Continuing escalation of feedstock prices has resulted in a number of powder coating resin price increases over the last year. A recent report by DSM Resins outlined upward price pressure on most raw materials due to tight markets and rising feedstock costs.
According to DSM, supply tightness is due to strengthening markets and plant closures and planned and unplanned shutdowns. Strong domestic and global demand has kept supply of neopentyl glycol (NPG) feedstock tight. In addition, a major U.S. producer has had two significant shutdowns totaling about eight weeks this year. Primary feedstock propylene has increased in cost by about 60 percent since the third quarter of 2010, and NPG producers were able to recoup only part of these costs with first-quarter price increases on NPG. Despite additional increases in the second quarter, the gap between NPG and propylene price increases continues to be large. Continued tight supply plus lost margins in the first and second quarters are likely to cause producers to seek further increases in the third quarter, the company says.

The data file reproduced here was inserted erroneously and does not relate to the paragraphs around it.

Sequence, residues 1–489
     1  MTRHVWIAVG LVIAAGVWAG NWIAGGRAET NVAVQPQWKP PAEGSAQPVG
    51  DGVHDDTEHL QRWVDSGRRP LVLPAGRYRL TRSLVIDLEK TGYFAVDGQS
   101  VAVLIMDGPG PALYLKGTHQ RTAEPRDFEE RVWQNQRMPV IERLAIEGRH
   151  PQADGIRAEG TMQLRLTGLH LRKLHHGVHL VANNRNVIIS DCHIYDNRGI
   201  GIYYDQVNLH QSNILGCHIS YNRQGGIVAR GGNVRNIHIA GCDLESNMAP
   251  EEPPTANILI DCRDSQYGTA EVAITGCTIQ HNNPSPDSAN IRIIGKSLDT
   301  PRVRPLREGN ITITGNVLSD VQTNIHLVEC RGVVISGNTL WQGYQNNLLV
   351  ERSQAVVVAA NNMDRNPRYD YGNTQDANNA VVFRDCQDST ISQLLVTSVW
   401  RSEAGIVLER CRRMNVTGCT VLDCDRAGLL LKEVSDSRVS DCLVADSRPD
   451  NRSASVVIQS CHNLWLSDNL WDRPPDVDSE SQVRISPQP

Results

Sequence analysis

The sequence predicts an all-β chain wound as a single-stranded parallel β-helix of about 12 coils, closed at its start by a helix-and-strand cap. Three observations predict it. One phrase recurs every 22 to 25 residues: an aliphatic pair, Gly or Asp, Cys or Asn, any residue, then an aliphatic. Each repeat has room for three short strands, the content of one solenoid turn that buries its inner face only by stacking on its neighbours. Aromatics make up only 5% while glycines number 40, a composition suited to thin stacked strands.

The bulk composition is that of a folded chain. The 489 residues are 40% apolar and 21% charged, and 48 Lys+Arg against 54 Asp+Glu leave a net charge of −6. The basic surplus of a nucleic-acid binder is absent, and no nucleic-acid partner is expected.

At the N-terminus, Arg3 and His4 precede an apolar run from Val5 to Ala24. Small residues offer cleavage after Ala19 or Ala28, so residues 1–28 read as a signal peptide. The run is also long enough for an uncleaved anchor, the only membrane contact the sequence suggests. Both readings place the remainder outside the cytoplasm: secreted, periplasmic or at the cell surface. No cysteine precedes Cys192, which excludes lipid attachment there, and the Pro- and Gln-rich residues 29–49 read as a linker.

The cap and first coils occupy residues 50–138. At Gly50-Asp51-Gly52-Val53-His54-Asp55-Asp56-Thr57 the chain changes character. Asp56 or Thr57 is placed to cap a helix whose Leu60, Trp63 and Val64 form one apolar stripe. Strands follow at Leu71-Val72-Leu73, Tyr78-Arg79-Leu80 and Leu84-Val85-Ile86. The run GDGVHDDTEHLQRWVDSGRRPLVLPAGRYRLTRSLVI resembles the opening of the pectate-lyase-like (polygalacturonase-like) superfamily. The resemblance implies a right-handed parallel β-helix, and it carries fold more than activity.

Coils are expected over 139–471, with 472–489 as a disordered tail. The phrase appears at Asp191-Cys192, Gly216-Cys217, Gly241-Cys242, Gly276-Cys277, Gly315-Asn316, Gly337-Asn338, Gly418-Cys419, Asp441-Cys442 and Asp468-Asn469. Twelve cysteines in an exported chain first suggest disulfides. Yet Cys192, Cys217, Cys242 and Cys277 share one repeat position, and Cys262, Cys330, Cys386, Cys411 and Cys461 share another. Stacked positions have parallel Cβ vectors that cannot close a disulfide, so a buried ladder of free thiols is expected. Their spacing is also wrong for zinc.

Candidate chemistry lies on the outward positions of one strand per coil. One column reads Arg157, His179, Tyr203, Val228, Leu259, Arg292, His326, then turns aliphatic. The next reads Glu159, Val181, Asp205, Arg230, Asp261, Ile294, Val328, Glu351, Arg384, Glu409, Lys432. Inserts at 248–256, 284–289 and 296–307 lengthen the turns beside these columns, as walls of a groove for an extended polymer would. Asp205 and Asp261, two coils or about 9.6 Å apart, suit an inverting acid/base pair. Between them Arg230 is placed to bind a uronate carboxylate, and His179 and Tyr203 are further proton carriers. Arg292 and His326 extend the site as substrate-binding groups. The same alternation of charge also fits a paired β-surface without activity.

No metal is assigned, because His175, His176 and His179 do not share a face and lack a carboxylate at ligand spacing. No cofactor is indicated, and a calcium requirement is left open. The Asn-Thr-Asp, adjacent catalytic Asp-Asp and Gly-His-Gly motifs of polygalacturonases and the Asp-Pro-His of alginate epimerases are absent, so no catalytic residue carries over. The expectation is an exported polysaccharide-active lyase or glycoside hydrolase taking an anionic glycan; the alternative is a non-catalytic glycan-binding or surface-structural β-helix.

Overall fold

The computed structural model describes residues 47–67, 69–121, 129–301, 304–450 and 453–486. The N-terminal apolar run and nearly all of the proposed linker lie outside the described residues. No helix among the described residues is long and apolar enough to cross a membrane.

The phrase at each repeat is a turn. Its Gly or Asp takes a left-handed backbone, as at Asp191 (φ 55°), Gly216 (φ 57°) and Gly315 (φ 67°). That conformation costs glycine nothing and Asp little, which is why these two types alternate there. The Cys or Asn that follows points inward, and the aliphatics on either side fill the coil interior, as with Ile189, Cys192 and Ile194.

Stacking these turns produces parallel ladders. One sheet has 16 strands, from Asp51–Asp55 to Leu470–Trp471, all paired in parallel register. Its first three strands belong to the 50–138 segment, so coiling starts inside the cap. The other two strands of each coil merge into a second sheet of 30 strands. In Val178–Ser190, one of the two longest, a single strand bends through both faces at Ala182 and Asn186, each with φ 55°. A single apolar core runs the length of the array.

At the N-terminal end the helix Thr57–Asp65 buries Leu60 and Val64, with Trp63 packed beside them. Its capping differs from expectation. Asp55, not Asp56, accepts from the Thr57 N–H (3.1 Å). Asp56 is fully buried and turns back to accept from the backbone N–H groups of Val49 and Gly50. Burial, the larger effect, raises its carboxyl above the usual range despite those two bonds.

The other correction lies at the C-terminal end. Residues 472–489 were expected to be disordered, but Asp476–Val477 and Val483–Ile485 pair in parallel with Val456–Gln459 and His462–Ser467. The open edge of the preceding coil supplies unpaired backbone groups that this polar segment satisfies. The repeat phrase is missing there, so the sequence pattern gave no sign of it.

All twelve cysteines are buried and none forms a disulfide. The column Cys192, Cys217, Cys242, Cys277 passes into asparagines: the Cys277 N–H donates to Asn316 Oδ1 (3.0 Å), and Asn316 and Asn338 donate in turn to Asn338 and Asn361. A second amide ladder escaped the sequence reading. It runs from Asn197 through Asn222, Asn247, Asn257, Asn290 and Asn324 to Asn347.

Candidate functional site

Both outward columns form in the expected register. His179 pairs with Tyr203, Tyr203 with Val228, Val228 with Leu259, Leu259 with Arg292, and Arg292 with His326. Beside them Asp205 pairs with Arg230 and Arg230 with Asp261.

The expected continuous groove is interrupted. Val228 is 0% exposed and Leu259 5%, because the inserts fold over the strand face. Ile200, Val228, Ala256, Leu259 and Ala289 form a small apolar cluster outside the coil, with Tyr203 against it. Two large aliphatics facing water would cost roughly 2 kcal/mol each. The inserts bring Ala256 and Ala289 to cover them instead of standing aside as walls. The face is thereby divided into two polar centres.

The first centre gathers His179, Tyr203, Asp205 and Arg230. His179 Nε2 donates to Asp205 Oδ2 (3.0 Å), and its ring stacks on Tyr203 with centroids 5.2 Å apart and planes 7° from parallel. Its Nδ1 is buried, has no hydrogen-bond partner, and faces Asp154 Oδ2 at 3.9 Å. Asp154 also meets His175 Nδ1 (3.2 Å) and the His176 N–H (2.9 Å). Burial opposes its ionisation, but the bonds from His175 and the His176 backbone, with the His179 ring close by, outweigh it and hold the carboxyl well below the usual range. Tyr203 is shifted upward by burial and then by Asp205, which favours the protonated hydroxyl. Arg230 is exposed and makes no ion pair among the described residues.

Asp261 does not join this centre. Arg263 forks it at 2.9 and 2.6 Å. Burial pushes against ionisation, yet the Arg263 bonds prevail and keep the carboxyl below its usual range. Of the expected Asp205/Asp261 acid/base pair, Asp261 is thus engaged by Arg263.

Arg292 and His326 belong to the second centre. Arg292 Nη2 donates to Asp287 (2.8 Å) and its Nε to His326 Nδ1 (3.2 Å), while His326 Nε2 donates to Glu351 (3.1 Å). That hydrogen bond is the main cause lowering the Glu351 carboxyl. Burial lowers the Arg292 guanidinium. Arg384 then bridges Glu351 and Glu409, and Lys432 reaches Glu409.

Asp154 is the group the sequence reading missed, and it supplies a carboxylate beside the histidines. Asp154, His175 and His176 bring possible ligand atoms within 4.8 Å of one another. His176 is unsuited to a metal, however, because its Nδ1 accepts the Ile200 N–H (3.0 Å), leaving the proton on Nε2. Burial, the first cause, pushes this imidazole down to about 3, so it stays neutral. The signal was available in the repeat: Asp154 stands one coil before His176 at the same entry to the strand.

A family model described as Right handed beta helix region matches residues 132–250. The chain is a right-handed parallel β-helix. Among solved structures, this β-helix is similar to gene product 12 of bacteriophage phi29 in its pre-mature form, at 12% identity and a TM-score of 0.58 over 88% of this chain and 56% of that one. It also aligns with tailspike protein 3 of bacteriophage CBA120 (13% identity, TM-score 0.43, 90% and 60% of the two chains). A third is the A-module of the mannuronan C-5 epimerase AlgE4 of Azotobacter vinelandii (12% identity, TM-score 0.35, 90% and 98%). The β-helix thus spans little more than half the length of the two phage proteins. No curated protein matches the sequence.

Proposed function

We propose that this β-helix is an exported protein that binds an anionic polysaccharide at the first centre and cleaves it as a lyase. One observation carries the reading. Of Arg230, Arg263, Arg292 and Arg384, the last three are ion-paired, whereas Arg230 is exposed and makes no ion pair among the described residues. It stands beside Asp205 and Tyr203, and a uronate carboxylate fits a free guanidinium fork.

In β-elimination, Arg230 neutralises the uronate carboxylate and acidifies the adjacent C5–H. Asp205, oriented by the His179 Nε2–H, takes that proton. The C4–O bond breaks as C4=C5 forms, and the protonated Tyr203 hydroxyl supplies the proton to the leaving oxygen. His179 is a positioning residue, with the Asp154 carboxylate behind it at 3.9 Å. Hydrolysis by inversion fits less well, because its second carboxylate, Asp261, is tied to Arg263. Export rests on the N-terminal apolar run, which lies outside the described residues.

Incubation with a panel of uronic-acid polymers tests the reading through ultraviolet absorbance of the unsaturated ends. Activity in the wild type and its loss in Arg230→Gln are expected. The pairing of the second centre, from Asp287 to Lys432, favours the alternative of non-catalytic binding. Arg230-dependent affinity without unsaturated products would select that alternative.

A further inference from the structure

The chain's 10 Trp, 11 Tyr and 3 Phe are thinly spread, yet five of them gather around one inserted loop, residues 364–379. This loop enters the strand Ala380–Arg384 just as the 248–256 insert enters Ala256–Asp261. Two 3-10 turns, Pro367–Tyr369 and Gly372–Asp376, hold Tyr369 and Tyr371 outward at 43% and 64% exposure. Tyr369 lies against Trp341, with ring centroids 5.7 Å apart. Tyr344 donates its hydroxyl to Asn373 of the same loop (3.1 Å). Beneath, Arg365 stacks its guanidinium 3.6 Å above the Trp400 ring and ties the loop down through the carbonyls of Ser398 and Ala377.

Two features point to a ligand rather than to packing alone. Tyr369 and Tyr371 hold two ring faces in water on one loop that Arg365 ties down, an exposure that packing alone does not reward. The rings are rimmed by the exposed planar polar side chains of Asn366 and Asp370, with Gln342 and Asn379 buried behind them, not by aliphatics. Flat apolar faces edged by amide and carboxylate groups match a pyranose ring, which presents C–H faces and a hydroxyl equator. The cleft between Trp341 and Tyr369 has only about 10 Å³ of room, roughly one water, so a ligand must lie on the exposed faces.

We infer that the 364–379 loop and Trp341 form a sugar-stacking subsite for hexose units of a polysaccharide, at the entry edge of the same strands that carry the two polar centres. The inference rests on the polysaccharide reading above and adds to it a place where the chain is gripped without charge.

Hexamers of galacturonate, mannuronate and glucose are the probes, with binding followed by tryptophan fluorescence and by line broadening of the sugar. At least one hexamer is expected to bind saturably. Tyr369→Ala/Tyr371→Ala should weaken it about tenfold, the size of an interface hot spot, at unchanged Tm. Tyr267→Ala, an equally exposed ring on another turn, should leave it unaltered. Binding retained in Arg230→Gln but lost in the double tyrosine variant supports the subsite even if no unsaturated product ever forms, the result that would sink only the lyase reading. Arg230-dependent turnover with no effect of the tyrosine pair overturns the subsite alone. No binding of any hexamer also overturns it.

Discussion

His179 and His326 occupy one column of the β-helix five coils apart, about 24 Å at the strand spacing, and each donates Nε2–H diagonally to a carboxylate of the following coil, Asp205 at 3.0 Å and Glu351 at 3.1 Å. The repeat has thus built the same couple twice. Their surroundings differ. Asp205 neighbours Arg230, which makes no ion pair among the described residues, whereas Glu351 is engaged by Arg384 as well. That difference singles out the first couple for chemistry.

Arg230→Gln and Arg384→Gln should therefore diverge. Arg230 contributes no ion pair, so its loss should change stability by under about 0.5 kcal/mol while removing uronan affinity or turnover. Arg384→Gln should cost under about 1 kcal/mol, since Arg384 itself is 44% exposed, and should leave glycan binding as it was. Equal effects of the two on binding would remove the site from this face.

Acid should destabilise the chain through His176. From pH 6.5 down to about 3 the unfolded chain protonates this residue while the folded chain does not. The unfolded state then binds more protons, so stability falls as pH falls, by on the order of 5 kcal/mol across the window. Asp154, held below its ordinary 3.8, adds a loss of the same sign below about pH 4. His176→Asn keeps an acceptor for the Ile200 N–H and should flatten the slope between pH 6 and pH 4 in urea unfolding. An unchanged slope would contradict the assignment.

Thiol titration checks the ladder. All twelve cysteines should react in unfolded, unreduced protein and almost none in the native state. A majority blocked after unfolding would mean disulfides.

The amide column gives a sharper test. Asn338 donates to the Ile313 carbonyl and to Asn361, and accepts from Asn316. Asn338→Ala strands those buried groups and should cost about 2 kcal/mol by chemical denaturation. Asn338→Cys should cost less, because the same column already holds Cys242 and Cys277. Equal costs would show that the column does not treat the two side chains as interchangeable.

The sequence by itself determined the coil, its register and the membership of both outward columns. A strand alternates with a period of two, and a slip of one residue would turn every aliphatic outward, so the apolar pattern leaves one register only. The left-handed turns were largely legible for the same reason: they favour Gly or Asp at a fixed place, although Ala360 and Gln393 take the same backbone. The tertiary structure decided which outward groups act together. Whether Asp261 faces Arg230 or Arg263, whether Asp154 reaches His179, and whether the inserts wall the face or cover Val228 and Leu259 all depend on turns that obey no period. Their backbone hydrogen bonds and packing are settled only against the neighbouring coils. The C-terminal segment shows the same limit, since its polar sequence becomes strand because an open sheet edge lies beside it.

Purified terephthalic acid (PTA) and paraxylene (PX) saw a strong surge in prices through April, but an unexpected drop in Asian demand helped break that trend in May, according to DSM. Planned and unplanned outages in North America, Asia and Europe have led to global supply problems. Current forecasts indicate somewhat lower prices in upcoming months, but costs are expected to remain on a high level.
Both U.S. suppliers of purified isophthalic acid (PIA) have implemented a strict sales allocation due to market tightness; and one will be importing Asian materials to cover contracted U.S. volumes, DSM says. Feedstock meta-xylene costs have increased by more than 60 percent this year, and two other factors continue to put upward pressure on PIA prices: global capacity of PIA is decreasing, and additional volume will be taken out during 2011, the company says.
DSM expects supply availability to continue to be a global concern in 2011 throughout the chemical industry.